Doctrinal Writings of the Anabaptists
During the 16th century Anabaptism did not make a real distinction between doctrinal and devotional writings. The doctrinal writings are not of a formal theological type but rather of a confessional character, stressing in the main the difference of Anabaptist viewpoints from those of the large churches the Reformation. No Anabaptist ever felt the need for an elaborate system of theology, not even those who had the necessary education. Whether by Menno Simons or Pilgram Marpeck, Dirk Philips, or Peter Riedemann, all these books and tracts were at once confessional (doctrinal), devotional, and also polemical, but they were never scholarly and academic like many of the books by Luther, Calvin, or Zwingli, One source collection of such tracts is rightly called Glaubenszeugnisse oberdeutscher Taufgesinnter (by Lydia Müller, 1938). All Anabaptist writings were such testimonies of faith.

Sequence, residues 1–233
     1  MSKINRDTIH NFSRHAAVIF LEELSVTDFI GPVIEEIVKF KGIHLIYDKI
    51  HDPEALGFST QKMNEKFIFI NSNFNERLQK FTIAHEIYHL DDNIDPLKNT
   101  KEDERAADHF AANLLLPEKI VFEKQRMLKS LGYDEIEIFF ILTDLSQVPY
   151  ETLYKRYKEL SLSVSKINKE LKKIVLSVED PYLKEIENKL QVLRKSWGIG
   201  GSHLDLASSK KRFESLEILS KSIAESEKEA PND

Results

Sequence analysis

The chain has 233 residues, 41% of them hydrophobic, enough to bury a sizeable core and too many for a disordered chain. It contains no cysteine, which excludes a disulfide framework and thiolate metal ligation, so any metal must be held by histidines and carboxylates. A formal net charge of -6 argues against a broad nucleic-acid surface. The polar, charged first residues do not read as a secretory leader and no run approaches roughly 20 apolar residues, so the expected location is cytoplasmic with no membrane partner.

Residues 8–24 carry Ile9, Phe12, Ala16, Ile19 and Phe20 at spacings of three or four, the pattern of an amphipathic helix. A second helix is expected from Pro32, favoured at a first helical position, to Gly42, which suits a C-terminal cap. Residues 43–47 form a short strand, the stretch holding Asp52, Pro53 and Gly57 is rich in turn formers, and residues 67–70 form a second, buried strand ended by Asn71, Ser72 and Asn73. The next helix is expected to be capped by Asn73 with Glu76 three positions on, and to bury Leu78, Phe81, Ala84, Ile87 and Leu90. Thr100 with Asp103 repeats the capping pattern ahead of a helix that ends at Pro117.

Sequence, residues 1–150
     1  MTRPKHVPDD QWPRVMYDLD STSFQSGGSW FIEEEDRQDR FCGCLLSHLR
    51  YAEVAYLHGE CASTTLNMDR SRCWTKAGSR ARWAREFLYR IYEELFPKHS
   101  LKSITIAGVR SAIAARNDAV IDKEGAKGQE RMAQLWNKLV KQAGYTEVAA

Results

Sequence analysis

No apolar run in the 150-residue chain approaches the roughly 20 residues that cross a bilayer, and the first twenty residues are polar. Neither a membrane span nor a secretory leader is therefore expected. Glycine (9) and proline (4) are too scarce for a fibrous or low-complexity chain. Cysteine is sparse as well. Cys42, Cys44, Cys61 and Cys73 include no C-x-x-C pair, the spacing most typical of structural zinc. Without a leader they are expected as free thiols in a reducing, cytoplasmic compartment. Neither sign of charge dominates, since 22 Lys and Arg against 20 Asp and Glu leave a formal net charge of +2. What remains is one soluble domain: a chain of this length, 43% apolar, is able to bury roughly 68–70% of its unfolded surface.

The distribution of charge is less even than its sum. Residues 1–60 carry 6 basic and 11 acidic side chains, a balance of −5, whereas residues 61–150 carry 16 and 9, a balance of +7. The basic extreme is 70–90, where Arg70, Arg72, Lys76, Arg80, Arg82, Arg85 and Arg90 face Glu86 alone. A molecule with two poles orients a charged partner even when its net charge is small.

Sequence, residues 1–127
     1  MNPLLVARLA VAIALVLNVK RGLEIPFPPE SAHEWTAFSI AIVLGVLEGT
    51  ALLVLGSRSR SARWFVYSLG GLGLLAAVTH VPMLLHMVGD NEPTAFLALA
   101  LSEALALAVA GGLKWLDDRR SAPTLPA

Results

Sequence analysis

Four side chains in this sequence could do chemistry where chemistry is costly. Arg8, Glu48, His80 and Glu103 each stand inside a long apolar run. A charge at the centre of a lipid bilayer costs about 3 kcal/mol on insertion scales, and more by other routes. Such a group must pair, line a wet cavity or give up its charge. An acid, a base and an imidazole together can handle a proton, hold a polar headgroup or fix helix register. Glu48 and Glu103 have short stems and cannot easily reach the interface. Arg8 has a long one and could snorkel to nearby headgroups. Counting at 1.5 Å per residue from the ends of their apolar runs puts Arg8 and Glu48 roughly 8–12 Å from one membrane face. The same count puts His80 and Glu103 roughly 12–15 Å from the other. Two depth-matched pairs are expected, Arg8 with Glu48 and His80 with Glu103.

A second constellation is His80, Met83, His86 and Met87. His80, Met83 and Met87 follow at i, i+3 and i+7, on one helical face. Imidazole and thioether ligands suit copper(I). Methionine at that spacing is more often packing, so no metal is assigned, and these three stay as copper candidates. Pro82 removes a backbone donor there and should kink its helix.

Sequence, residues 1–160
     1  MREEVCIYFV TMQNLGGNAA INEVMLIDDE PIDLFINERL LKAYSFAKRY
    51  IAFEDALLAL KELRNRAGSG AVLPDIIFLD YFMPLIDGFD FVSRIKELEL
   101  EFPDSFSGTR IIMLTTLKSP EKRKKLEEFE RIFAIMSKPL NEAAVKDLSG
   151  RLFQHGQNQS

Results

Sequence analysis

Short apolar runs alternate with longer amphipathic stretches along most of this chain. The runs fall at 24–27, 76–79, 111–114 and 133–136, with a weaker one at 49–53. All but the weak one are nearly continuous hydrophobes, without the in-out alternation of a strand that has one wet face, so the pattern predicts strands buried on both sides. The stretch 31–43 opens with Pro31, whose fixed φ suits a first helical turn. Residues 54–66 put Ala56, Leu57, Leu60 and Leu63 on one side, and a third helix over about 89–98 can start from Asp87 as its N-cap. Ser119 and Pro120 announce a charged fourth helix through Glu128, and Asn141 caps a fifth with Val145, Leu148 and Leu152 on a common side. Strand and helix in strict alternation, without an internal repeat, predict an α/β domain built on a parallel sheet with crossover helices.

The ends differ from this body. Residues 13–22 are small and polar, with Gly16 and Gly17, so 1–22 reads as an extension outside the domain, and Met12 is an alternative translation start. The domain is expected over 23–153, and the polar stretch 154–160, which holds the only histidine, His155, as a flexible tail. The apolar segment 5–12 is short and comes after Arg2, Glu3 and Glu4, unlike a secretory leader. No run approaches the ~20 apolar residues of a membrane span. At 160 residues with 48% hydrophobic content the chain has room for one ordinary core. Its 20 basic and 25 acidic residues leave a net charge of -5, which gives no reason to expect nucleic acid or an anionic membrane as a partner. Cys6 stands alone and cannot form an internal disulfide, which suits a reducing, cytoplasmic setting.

The amount of these writings must once have been rather large, though a complete list of them does not exist as yet, and a systematic study has never been undertaken. Lydia Müller's publication is perhaps the best collection yet published, though incomplete and too much abridged. The book presents South German and Hutterite material, taken from Hutterite manuscript books, our richest source. The contents of this book are as follows: Jörg Hauck (Anfang eines christlichen Lebens), Hans Hut (Vom Geheimnis der Taufe, Ein christlicher Unterricht . . .), Michael Sattler (Artikel und Handlung; for the famous Schleitheim Confession see below), Leonhard Schiemer (five tracts, particularly profound writings of 1526-1527, deserving special attention), Hans Schlaffer (Ein kurzer Unterricht zum Anfang eines rechten christlichen Lebens, like Schiemer very early and extremely penetrating), Eitelhans Langenmantel (Vom Nachtmahl Christi), Jörg Zaunring (Eine kurze Anzeigung vom Abendmahl Christi), Jakob Hutter (various epistles), Ulrich Stadler (next to Riedemann or Walpot the ablest doctrinal writers of the Hutterites; four tracts are published in excerpts), Peter Walpot (Die fünf Artikel des grössten Streites, 1547?) (see Article Book, a major work of the Hutterites), Antoni Erdfordter (Urlaubsbrief), Brüderliche Vereinigung mit dem Brüdern am Rheinstrom (1558), and Anschlag und Fürwenden (Hutterite, about 1560, by Walpot), etc. For volume II were scheduled: Peter Riedemann (Rechenschaft unseres Glaubens, 1545, the greatest doctrinal and confessional book of the Hutterites), Andreas Ehrenpreis (Ein Sendbrief brüderliche Gemeinschaft betreffend, 1652, a book of two hundred pages), but the volume was not published until 1955. In brief, Riedemann and Walpot are shown as the two main authors of doctrinal books among the Hutterites. The compilation list is, of course, in no way complete. Many of the outstanding Verantwortungen (testimonies) are not mentioned though we have prints of most of them, e.g., by Claus Felbinger, Veit Grünberger, Hans Mändl, etc. Worth mentioning is also one tract by the Philipite brethren, Concerning a True Soldier of Christ by Hans Haffner, 1535.